A question on Sprint; it was nice to see that customer come back nicely in the quarter. I was wondering if you can tell us whether this was the new 4500 product or was it the 4250?

Andy Ory

So to give an overview of Sprint; it’s a good question, Greg. I mean first of all, Sprint continues to buy, each and every quarter. Sometimes they’ll be a 10% or greater customer and sometimes they won’t. It takes time from the purchase cycle implementation integration and they buy some more. Absolutely; Sprint is buying a number of our different platforms and they do have both the 4250 and the 4500.

Greg Mesniaeff - Needham & Co.

And it just seems from your commentary that the wireless segment of your business appears to be relatively speaking, in better shape right now. Have fixed mobile convergence, related applications and deployments picked up in the third quarter, and is that something you see going forward?

Andy Ory

There’s a couple of different ways to look at wireless and one way is to look at wireless access; the other is to look at wireless infrastructure and tier and traditionally, most of our business has been involved in wireless infrastructure and tiering. So that as wireless carriers have more and more traffic, they’re finding ways that they can route it cheaper and they also want to find interconnects that are lower cost and so we’ve seen a real pickup there and we think that you’re going to see the wire line and wireless cores collapse to a SIP routed environment and Acme Packet technologies will play it well there.

We’re also seeing a pickup in relatively straightforward fixed WiMAX, which is different than mobile WiMAX and fixed WiMAX is essentially just using wireless as the last mile and it almost feels to our product and technologies, like it’s a wire line connectivity; so it doesn’t much matter.

It’s more the fixed mobile convergence in the MSG product. Those are still heavily architectural in nature. I wouldn’t say that we’re seeing a lot of revenue there yet, but a lot of design implementations and that’s something that we would look forward to in 2009 and 2010. So it’s just a way to segment the wireless market. I mean, clearly wireless is an important part of any IP strategy.

Operator

Your next question comes from Catharine Trebnick - Avian Securities.

Catharine Trebnick - Avian Securities

Back to wireless. You discussed several investments; the interconnect, IP, SEMCO and fixed and mobile WiMAX. So if I look into next year and this isn’t related to your product line, more just where do you see or could you give some color on where you see like industry is going to be with traction in those different areas?

Andy Ory

That’s a very good question and that’s something we’re trying to figure out as well. I do think we’re going to increasingly see fixed WiMAX internationally as an alternative for wire line connectivity in developing countries. I think you’re going to see the GSM world continue to invest in things like IP exchange for lower transport, whereas you’ll see bill-and-keep in the CDM world in North America.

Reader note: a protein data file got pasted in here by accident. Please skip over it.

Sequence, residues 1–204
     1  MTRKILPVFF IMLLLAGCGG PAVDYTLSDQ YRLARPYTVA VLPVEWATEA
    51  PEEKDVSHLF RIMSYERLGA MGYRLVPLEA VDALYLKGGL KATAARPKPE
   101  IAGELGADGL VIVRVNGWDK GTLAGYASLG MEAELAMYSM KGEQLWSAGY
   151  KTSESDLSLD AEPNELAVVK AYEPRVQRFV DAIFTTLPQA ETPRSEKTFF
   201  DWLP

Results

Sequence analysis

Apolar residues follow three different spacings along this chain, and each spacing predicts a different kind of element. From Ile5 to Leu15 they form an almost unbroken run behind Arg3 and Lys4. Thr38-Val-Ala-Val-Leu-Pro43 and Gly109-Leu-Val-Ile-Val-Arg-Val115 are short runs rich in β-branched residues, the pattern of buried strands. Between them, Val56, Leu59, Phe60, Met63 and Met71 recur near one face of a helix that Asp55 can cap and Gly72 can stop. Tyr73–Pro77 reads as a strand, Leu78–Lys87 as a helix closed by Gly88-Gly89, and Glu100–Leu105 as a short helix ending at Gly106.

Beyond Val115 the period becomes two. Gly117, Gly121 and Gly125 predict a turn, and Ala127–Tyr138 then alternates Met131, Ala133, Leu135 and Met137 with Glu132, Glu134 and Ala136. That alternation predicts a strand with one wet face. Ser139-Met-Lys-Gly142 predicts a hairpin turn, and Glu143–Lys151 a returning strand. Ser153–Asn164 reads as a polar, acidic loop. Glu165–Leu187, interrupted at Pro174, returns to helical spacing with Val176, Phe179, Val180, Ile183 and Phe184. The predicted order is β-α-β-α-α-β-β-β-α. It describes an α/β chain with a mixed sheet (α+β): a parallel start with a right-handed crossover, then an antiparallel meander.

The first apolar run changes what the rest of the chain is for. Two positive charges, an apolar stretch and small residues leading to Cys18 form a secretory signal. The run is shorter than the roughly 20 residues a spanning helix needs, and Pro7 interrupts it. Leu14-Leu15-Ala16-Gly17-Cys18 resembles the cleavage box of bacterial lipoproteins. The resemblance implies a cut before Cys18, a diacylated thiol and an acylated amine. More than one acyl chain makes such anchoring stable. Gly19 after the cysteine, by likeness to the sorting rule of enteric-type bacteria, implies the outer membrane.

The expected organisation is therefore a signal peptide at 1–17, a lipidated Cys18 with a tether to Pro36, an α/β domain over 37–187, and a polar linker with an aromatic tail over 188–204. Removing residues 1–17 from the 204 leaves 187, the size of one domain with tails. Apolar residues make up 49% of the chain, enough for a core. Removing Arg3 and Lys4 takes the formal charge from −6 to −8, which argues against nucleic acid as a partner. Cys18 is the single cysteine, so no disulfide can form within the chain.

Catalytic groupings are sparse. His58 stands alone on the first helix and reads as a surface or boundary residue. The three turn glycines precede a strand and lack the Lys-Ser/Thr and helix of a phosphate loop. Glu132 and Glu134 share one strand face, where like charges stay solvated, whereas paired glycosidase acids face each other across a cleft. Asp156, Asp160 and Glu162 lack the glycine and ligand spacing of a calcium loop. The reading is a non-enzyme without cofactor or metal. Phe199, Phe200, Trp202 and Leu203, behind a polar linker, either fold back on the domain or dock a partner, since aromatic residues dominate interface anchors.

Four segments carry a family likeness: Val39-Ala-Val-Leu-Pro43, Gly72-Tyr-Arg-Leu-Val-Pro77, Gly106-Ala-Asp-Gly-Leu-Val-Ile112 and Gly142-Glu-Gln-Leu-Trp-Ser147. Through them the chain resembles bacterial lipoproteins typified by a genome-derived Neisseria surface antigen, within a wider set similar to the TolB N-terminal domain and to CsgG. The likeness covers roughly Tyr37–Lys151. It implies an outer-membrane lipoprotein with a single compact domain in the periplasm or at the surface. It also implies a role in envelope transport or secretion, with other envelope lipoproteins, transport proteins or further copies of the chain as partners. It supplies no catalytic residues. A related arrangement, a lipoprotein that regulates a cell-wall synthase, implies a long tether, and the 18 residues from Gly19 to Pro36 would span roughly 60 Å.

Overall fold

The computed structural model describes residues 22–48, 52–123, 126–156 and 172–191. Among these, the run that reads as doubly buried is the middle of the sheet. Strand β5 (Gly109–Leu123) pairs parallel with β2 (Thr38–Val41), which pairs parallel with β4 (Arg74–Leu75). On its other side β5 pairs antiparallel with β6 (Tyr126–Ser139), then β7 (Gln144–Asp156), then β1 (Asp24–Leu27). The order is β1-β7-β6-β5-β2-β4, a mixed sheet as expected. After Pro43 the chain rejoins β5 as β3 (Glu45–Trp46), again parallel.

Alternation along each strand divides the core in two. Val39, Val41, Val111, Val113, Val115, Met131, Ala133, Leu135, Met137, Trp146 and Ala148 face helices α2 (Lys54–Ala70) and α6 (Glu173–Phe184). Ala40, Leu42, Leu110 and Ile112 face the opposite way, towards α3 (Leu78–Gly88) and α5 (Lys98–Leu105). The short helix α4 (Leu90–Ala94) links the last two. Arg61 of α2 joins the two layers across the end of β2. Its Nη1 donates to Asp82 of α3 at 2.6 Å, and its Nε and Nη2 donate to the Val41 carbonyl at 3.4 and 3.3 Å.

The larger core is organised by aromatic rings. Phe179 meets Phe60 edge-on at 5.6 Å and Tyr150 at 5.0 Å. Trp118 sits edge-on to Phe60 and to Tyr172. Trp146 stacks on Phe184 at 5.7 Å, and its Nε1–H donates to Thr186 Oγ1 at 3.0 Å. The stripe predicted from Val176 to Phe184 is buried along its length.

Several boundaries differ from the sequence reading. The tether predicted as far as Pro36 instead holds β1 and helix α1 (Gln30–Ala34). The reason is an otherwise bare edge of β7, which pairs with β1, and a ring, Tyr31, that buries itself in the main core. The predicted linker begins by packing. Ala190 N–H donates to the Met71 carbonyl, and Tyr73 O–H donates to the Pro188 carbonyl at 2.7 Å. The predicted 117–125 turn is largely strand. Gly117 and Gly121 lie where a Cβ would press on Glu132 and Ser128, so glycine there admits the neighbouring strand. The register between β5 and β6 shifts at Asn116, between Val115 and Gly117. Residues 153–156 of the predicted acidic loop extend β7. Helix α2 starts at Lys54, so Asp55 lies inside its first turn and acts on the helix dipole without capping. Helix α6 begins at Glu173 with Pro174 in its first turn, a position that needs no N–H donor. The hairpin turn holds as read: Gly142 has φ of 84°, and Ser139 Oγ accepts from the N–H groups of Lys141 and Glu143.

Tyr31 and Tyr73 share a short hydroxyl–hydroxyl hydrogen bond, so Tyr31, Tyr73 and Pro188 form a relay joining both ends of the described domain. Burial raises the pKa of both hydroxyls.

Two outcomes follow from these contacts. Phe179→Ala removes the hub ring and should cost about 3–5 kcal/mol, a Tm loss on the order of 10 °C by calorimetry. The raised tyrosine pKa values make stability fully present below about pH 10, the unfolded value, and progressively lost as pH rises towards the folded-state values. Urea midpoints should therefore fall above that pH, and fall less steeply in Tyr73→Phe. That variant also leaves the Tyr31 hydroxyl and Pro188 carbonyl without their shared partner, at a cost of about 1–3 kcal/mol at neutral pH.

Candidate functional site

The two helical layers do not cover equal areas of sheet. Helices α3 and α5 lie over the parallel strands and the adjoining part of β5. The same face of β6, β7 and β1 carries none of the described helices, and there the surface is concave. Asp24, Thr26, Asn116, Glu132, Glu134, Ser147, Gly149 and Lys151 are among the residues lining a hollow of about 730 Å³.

I do think you’ll see a pickup in end-to-end IP across dual mode handsets, SEMCO cells, and fixed mobile convergence, but we have not really broken it down for 2009 yet, on which ones of those wireless segments, by region, are going to emerge over time, but that’s something that I think we could work on and provide you some clarity on the next call.

Catharine Trebnick - Avian Securities

And then the follow-on to that is then, for that the multi-service security gateway is more targeted for those applications, correct?

Andy Ory

That’s correct.

Operator

(Operator Instructions) Your next question comes from Ted Jackson - Cantor Fitzgerald.

Ted Jackson - Cantor Fitzgerald

I’m going to ask just a simple question and then actually the real ones. Since we’ve been on the wireless thing, do you have any sense in terms of the breakdown of your revenue between wire line and wireless and the relative growth rate?

Andy Ory

I don’t. I know that wireless is a minority. I’m sure it’s more than 10% and probably less than 40% and then given that the minority growth rate is probably higher, but my anecdote is probably only the last 200 or 300 transactions. So what we really need to do is get back to with a good analysis on that and that’s something that I think we probably should look at for the next call as we give ‘09 guidance.

Ted Jackson - Cantor Fitzgerald

Okay and what I wanted to ask was, I wanted to see if you could provide a little color relative to the different geographic regions and where you’re seeing better growth and the better opportunities. We’ve had a lot of clarity if you would with the wireless market within China. Are you seeing any impact or any pickup there? How’s APAC doing relative to other areas and then, I’d also like to hear a conversation relative to competition and kind of who you’re seeing out there and if there’s been any changes. That’s it; thanks.

Andy Ory

Sure. You asked a lot, so if I leave anything out, just re-ask it again Ted. As far as geographies are concerned, APAC is performing really well. I’d actually like to say that again; APAC is performing really well. We’ve been involved in Asia for a long time and things sometimes just take a long time.

We are seeing a pickup in the Japanese market. We think the Korean market is doing very, very well; we’re investing in India. We’re very, very careful because it’s a very, very big country and there’s lots of opportunities, but we need to make sure that we invest prudently, so we’re leveraging a lot of partnerships there.